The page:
The chicken is done a little differently at SavannahBlue, he says. “We do a pounded-out white-meat breast as opposed to what you typically would get, which would be the bone-in pieces, … and then [the breast is] deep-fried.” The dish is served with smoked turkey collard greens and candied sweet potatoes.
Simpson credits SavannahBlue’s creative spins on classic Southern food to the opening chef, Christopher McClendon, and McClendon’s teacher at Schoolcraft College, Shawn Loving, a renowned local chef and longtime friend of Simpson’s who helped guide the new restaurateur to the local dining scene.
These days in the kitchen, three chefs work together to oversee SavannahBlue’s food offerings, with Calvin Washington as the “overall orchestrator” dealing with ordering and processes, Elijah Broughton as the jack-of-all-trades, and Mike Banks as the “culinary imagination guy that comes up with new dishes and experimental stuff.”
But there are dishes that have been there since the beginning, the ones that will go nowhere. “We call them ‘hitters,’” Simpson says.
One of those staple items is the shrimp and grits, which boasts a tantalizing interplay of flavors from Parmesan in the grits to Cajun spice on the shrimp. The grits were so creamy and well seasoned that my dining companion was perfectly content just eating the grits and forgoing the shrimp. Other signature items include the red wine-braised oxtails over saffron cheddar risotto and the catfish, as well as the greens and the mac and cheese. The last is a healthy portion of elbow pasta bathed in a silky milk custard with a pinch of black pepper; if I had one complaint, it was that there was not enough of that craveable cheesy crust on our portion.
Another standout was the lump crab cake, which didn’t skimp on the crab and was served with corn brussels slaw, grilled lemon, and Cajun remoulade. The grilled lemon is a prime example of the extra touches and details that mark the elevated approach SavannahBlue takes to its food; the extra step of charring the lemon brings both smokiness and brightness to the dish. The catfish fritters are served simply, with just a side of Cajun remoulade that accentuates the perfectly crispy and crunchy exterior thanks to the dredge in cornmeal.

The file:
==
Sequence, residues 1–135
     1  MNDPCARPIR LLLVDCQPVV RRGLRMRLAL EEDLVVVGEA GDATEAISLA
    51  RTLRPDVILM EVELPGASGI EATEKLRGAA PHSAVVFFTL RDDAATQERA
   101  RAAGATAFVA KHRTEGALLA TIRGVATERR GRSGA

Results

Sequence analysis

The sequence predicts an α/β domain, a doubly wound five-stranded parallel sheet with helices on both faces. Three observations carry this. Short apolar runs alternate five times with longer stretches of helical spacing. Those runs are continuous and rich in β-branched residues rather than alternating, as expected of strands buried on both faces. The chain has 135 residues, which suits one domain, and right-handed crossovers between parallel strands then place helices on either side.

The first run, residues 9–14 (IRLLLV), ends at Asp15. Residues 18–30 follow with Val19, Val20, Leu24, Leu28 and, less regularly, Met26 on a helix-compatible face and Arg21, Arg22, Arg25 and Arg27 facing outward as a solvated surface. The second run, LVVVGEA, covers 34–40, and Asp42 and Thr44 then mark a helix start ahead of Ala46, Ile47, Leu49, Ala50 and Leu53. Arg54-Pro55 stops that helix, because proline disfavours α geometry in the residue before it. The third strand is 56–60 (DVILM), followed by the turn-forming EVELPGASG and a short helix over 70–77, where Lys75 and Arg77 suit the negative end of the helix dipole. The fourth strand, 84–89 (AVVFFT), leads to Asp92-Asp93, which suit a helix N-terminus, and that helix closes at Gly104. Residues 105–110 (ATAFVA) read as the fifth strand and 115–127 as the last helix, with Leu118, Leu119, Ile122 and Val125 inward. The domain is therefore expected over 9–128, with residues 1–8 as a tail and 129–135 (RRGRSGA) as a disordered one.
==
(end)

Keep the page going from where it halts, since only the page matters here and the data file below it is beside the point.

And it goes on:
“The bottom line is we sell Southern-inspired, fancy-plated soul food,” Simpson says.
That sophistication and style extend to the rest of the restaurant, with its exposed brick, large windows that provide glimpses of the People Mover as it whizzes by, and striking black-and-white photography on the walls that depicts iconic Detroit sites such as Hudson’s department store and the Wright-Kay Building.
“We built SavannahBlue on a culture that is authentically ours. We have Black-influenced food; we lean into our culture … because it’s authentic to us,” says Simpson, who repeatedly emphasizes his pride in being a Detroiter and commitment to supporting Detroiters.
Simpson also believes in “investing in people that are young and that typically may not get the opportunities to work in the hospitality industry.”
“We’re able to give people chances. That’s one of the blessings about the business and one of the things we’re proud of,” he says.